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Obama gives Al tips about sending son Nick off to college: 'You can't let him see you cry'

The former president, who has sent two daughters to college, also had some advice for how Al can "bribe" Nick, 19, to spend time with him once he's in school.
Former President Barack Obama had some advice for Al Roker on how to deal with dropping his son Nick, 19, off at college this fall.
Former President Barack Obama had some advice for Al Roker on how to deal with dropping his son Nick, 19, off at college this fall.TODAY/ Getty Images

As Al Roker braces for the heart-wrenching moment he has to drop off the youngest of his three children at college this fall, he sought advice from a president who has recently gone through becoming an empty-nester himself.

Former President Barack Obama, who said it was like "open-heart surgery" when he dropped his daughter Malia off at Harvard in 2017, had some words of wisdom for Al as part of his exclusive interview on TODAY Wednesday.

Al's son, Nick, 19, who has special needs, found out in December that he had been accepted to college.

"Well, first tip is you are going to weep copiously when you drop Nick off at college," Obama said. "But you can’t let him see you cry, so you drop him off and then you quickly leave, and then you cry in the car."

Obama and former first lady Michelle Obama have experienced that emotional moment twice. Malia, 23, was the first to go off to school and then Sasha, 20, had Michelle trying hold off tears in 2019 when the Obamas dropped her off at the University of Michigan.

The presidential couple has since found the shortcut to spending more time with their daughters.

"Tip number two is you try to bribe them with like nice trips," Obama said. "'Hey, we’re going to Hawaii, you guys want to come?' so that they show up."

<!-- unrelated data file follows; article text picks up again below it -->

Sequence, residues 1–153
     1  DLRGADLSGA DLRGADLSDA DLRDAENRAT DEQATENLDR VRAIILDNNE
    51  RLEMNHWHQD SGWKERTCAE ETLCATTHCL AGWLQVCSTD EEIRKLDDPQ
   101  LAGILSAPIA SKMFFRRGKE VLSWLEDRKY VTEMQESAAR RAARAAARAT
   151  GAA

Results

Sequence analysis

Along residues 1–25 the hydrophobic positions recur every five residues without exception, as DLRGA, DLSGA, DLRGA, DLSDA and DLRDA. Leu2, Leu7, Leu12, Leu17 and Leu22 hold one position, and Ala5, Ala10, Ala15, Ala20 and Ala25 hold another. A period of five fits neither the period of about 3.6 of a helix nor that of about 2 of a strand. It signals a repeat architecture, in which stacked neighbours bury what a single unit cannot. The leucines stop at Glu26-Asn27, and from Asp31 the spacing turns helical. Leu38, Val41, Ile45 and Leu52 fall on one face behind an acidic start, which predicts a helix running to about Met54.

Al, 67, is no stranger to watching his kids go off into the world, as his daughter, chef Courtney Roker Laga, 34, tied the knot earlier this year, while his younger daughter, Leila Roker, 22, is a journalist who is currently based in Paris.

But Nick is the youngest child of Al and wife Deborah Roberts, so the house will be awfully quiet once he leaves in the fall.

“I just ... I don’t know that I’m ready for him to leave yet,” Al said on TODAY in October after sharing that Nick was visiting colleges. “Time marches on.”

While the leaving will be hard, seeing Nick grow into his own man will be the reward.

"Michelle always said, and she’s absolutely right about this, our job as parents is to teach our kids not to need us," Obama said. "And it hurts, but when you see them as accomplished, confident, kind, thoughtful, responsible people, then you know you’ve done your job.”

Obama's empty-nester advice was part of a wide-ranging conversation with Al that also included the former president's thoughts on Russian President Vladimir Putin and a discussion of Obama's new Netflix show, "Our Great National Parks," which starts streaming on Wednesday.

You can watch Al's full conversation with Obama on TODAY's streaming channel on Peacock, TODAY All Day.